Accountants CPA Hartford, Connecticut, LLC
William Brighenti, Certified Public Accountant
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Certified QuickBooks ProAdvisor
Office Address: 46 Mildrum Road, Berlin, Connecticut 06037-2423 Phone: (860) 828-3269 Email:
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How to Apply UNICAP: Uniform Capitalization Rule 263A
Simplified Production Method and Simplified Service Cost Method are really simple!
by William Brighenti, Certified Public Accountant, Certified QuickBooks ProAdvisor
Accountants CPA Hartford, LLC, Berlin, Connecticut

William Brighenti, Certified Public Accountant, Certified QuickBooks ProAdvisor, Accountants CPA Hartford, LLCIn concept, the uniform capitalization (UNICAP) rules of the Internal Revenue Code Section 263A appear straightforward and not too difficult to understand: producers of tangible property (except those specifically excluded) must include in inventory the indirect costs, including mixed service costs, as well as the direct costs of producing that inventory. The difficulty of the UNICAP rule arises in its application: how to property allocate the additional indirect and mixed service costs required to be capitalized under Section 263A in a reasonable and consistent manner. This is primarily a result of the confusing and ill-defined terminology throughout Section 263A and its related regulations.

The most publicized approach to capitalize indirect and mixed service costs to inventory under the requirement of the Uniform Capitalization Rules is to use Section 1.263A 2(b)'s simplified service cost method in conjunction with its simplified production method. In essence, this approach of applying the Uniform Capitalization Rules involves a sequential three step process:  first, determining what portion of the mixed service costs are allocable to production; then, secondly, calculating the percentage of additional Section 263A costs to capitalized production costs; and, thirdly, increasing ending inventory by this percentage of additional Section 263A costs to be capitalized determined in step two.  These three steps in the capitalization of indirect costs to inventory are presented below in more detail, employing the simplified service cost method in step one, and the simplified production method in steps two and three.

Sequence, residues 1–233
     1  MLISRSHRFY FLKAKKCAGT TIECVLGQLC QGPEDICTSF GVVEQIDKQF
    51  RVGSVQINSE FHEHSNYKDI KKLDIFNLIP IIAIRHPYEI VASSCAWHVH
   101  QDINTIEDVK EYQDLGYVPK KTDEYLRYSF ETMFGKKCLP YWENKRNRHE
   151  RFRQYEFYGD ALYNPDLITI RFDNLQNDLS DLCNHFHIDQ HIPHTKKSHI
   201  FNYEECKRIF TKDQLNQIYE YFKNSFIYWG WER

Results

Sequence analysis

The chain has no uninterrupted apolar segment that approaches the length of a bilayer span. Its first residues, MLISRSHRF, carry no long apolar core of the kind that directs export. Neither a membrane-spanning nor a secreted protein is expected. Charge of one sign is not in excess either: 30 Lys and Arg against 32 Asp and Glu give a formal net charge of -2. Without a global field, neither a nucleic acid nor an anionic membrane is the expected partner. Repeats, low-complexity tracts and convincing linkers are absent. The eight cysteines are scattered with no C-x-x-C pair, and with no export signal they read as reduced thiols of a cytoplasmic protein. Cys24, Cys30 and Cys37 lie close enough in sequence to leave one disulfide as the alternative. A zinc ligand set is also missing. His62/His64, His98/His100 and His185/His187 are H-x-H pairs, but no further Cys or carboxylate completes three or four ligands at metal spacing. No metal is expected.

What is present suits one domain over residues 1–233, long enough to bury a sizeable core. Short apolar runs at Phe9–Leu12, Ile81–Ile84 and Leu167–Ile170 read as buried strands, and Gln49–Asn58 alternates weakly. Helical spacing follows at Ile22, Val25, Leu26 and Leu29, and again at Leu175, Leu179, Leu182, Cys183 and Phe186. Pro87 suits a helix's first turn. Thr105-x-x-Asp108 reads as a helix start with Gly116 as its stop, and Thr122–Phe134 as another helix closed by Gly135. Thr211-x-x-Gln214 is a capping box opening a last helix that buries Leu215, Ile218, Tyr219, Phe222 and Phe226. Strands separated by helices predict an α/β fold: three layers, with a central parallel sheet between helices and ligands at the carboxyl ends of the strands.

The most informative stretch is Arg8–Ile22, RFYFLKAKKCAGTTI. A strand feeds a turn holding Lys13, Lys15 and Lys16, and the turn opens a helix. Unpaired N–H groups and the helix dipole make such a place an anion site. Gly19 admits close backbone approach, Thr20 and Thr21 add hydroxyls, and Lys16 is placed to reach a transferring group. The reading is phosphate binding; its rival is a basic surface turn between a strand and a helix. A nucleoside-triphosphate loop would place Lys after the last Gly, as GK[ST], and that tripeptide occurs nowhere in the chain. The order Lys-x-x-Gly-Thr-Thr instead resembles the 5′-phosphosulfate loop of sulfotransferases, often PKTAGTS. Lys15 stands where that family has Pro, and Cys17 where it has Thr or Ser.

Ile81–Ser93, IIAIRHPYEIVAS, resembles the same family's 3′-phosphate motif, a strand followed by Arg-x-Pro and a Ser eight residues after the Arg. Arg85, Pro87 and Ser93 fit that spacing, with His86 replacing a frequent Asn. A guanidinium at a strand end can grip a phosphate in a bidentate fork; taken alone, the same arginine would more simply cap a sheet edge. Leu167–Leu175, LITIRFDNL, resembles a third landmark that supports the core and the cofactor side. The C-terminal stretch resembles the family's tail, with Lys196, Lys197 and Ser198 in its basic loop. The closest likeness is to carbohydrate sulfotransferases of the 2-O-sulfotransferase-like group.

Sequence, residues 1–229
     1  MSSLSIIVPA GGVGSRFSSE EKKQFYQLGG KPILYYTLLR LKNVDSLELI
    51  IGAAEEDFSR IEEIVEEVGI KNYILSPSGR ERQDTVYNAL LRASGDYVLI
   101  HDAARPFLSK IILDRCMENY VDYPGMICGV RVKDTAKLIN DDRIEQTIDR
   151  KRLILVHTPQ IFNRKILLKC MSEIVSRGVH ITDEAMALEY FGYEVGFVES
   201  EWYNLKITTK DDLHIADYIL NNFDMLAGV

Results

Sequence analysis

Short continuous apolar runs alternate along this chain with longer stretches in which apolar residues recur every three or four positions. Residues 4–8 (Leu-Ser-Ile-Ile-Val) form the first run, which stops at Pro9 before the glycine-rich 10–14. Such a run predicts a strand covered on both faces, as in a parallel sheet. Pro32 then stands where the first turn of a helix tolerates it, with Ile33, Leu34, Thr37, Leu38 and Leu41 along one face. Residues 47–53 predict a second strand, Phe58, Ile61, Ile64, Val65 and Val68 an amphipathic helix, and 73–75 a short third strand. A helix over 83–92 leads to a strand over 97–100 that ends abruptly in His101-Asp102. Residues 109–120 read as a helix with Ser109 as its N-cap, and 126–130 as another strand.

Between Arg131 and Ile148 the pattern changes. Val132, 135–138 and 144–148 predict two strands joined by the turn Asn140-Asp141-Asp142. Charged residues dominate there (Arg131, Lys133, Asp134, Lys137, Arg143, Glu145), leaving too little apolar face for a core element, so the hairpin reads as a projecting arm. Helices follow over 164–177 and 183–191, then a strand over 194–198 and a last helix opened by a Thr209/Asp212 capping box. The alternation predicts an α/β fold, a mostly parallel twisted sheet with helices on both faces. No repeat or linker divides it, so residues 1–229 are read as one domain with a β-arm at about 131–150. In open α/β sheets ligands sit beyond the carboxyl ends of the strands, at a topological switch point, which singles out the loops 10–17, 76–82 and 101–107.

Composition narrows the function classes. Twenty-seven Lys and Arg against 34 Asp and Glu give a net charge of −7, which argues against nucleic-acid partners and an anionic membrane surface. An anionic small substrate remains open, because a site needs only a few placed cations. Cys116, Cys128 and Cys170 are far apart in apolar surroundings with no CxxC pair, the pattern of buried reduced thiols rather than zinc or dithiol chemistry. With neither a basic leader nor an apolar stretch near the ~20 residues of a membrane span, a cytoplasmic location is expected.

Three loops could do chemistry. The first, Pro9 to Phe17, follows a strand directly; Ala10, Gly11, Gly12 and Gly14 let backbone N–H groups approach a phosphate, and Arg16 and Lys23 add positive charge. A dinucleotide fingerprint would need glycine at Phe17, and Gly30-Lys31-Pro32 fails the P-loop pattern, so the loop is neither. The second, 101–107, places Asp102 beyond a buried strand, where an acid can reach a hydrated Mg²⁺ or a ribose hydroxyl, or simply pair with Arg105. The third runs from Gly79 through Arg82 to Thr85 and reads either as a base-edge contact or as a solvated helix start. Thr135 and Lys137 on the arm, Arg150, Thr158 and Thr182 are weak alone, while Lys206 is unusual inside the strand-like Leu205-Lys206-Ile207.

But in order to understand the calculations, the variables in the formulas of the simplified service cost and production methods need to be clearly defined first.

"Section 471 costs" are defined by the Treasury Department in its own inimitable, enigmatic manner, as those costs which were included in inventory under the entities method of accounting immediately prior to the effective date of the Uniform Capitalization Rules. In plain English, they are those costs that the taxpayer already has capitalized to inventory prior to including the additional Section 263A costs. Section 471 costs include direct material costs, direct labor cost, and allocated indirect costs. Indirect costs often allocated to inventory prior to allocating additional Section 263A costs include independent contractors, supplies, tools, equipment, engineering, design, and the like.

Indirect costs” are costs other than direct material costs and direct labor costs in the case of property produced. Taxpayers subject to section 263A must capitalize all indirect costs when the costs directly benefit or are incurred by production activities. Indirect costs may be allocable to production activities as well as to other activities that are not subject to section 263A. Taxpayers subject to section 263A must make a reasonable allocation of indirect costs between production and other activities.  Indirect costs are allocated using either a specific identification method, a standard cost method, a burden rate method, or any other reasonable allocation method.